When this new demand for a complete edition of the Rig-Veda arose, it was clearly impossible to meet it by a reprint of my large edition, containing both text and commentary. The first volume of that edition is nearly out of print, and, without the liberal assistance of the government, no reprint of it could be brought out, except at a price that would place the book beyond the reach of most scholars. All that might be done, would be to reprint the first Adhyaya for schools; for it may be safely said, to use the words of Sayan, that he who has honestly worked his way through that first book, is able to understand all the rest of Sayana's commentary.
But even a reprint of the text only of the Rig-Veda was by no means an easy undertaking. I have sometimes been blamed for not having published such an edition long ago. All that I can say is that I was most anxious, but that I was too poor to do it, I began an edition of the two texts of the Rig-Veda in the year 1856, hut, though everything was ready, the expense of the undertaking proved
too great to allow the German publisher to continue the work to the end. It was only with the assistance of the German Oriental Society, and through the liberality of a Royal Academy, that the Editor of the "Indische Studien" was enabled to publish a transcript into Roman letters by Prof. Aufrecht, and this for the Samhita-text only, with extracts from the Pada-text. In answer to certain ill-natured misrepresentations reflecting on the promoters' of that undertaking, I can only say that if I did not complain because the text of two out of ten Mandalas might thus seem to have been snatched from my edition, it was hardly for others to complain in my name. What I said in the preface to the first volume of my translation of the Rig-Veda, I say here again: "No one could have rejoiced more sincerely than I did at the publication of the Romanised transliteration of the Rig-Veda, carried out with so much patience and accuracy by Prof. Aufrecht. It showed that there was a growing interest in this, the only true Veda ; it showed that even those who could not read Sanskrit in the original Devanagari, wished to have access to the original text of these ancient hymns ; it showed that the study of the Veda had a future before it like no other book of Sanskrit literature. My learned friend Prof. Aufrecht has been most unfairly charged with having printed his Romanised text me insciente rcl invite. My edition of the Rig-Veda is publici juris, like any edition of Homer or Plato, and anybody might have reprinted it, either in Roman or Devanagari letters. But fat from keeping me in ignorance of his useful enterprise, Prof. Aufrecht applied to me for the loan of the MSS. of the two Mandalas which I had not yet published, and I lent them to him most gladly, because, by seeing them printed at once, I felt far less guilty in delaying the publication of the last volumes of my edition of the text and commentary." And, in order to remove all possible misunderstandings, I take this opportunity of stating, that when Professor Aufrecht applied to me, I lent him, not my transcript of these MSS., but the MSS. themselves on which my text is founded (see Preface to the first volume of my edition, 1849, pp. vii-x), because without them, as he wrote to me, he found it impossible to give a correct text of that portion which I had not yet published.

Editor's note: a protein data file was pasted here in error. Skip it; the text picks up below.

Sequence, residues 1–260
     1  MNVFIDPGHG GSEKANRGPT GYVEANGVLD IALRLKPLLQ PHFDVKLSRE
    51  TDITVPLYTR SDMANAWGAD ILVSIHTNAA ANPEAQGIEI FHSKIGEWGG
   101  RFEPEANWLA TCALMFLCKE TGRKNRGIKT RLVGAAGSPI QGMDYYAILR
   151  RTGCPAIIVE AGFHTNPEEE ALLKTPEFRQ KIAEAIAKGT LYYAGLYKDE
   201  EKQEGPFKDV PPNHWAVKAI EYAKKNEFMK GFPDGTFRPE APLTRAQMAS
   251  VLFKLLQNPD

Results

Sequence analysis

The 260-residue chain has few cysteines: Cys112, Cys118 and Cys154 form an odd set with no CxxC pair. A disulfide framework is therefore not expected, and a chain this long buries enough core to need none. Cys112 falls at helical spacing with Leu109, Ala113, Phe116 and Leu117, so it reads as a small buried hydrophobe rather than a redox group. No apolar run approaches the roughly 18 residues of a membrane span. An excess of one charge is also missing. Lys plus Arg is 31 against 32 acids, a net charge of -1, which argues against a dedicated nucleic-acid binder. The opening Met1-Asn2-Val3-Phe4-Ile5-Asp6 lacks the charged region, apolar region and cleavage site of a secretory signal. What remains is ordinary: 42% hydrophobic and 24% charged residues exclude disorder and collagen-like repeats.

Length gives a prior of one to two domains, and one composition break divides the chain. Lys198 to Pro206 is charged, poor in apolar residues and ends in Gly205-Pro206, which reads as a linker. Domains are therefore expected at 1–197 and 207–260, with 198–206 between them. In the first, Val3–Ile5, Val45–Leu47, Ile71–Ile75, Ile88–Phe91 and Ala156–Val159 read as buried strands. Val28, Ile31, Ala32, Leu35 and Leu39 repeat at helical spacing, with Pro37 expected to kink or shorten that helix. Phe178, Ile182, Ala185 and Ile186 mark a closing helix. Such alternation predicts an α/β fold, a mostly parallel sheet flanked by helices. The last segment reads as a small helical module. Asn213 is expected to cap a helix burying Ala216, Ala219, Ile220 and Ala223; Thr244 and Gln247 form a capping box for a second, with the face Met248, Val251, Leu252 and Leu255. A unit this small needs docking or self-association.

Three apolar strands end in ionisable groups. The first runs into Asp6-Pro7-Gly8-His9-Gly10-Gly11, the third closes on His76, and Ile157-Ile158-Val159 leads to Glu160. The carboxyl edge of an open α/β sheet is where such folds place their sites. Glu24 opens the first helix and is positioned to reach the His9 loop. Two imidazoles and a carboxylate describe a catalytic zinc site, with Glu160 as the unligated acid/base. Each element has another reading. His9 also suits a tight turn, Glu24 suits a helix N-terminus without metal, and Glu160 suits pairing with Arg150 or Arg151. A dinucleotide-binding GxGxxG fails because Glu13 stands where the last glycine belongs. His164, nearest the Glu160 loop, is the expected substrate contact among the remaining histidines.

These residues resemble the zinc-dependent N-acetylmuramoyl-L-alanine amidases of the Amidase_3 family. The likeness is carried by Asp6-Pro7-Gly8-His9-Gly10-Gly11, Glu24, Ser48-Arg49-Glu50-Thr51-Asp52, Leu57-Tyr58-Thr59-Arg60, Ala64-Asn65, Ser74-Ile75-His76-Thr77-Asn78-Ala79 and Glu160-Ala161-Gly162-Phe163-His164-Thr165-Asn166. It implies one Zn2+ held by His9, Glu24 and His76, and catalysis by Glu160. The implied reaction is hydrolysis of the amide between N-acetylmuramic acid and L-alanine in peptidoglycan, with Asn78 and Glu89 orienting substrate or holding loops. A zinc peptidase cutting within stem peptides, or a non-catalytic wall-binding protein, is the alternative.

An edition of the Rig-Veda in Roman letters, however useful in Europe, was of course of little assistance in India. It had no doubt the advantage of being cheap, and this chiefly owing to the liberal subsidy from two learned societies; but it proved again, what was known before, that it is physically impossible to avoid a large number of mistakes and misprints in transcribing Sanskrit texts, more particularly with accents, in any European alphabet.
Book's Contents and Sample Pages
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